Most everyone enjoys a sweet treat of chocolate every now and then.
Even pets like to have a treat, too. However, chocolate should be avoided, because it can be toxic to animals.
With the holiday season in full swing, pet owners may have more chocolate in the house for baking Christmas cookies and candies. Pet owners need to be aware of the danger chocolate can pose for their furry friends, said Dr. Carolyn MacAllister, Oklahoma Cooperative Extension Service veterinarian.
"Pets enjoy sweet treats, just like their owners do, but it is better to give them a sweet dog treat," MacAllister said. "Chocolate contains theobromine, which is a toxic compound for animals. Animals are much more sensitive to this compound than we are."
Milk chocolate contains about 44 milligrams per ounce and dark chocolate, such as dark baking chocolate, contains 450 milligrams per ounce. For a medium-sized dog of 25 pounds, it may take up to 20 ounces of milk chocolate to cause the animal problems, but it takes just a couple of ounces of dark chocolate to put the animal in jeopardy. For pets, chocolate consumption is dose dependent. The smaller the animal, the less chocolate they can consume for it to be lethal, and the larger the pet, the more chocolate it would take to constitute a lethal amount.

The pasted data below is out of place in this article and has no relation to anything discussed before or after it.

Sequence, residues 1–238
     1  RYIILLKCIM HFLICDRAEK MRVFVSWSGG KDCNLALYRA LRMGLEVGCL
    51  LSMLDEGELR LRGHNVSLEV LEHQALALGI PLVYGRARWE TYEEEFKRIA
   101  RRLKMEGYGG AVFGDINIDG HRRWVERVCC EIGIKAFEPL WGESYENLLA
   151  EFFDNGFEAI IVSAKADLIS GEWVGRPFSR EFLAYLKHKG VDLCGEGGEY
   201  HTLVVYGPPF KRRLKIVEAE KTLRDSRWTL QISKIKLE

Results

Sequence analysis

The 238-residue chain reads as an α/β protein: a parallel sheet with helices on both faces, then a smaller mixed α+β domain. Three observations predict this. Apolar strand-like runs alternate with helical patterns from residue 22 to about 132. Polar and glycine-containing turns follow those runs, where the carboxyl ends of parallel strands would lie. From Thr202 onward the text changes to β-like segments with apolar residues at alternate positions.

Some signs pet owners should be aware of, in the event their pet manages to consume a large amount of chocolate, include vomiting and diarrhea.
"If you suspect your dog has gotten into a plate of brownies or other chocolate candy that contains a significant amount of chocolate, you should contact your veterinarian and take the pet in," MacAllister said. "The veterinarian can give your pet medication that will help protect their gastrointestinal tract to help decrease absorption of the chocolate. The veterinarian may also give the pet other medications to prevent them from getting sick."
Pet owners who live quite a distance from their veterinarian may want to call the poison control hotline for animals at 1-800-548-2423. This hotline can help pet owners not only with chocolate toxicity, but also everything from toxic plants to pesticides.
Pet owners should not be concerned if their dog or cat eats a chocolate chip that has fallen on the floor. They need to be concerned about bigger amounts of chocolate.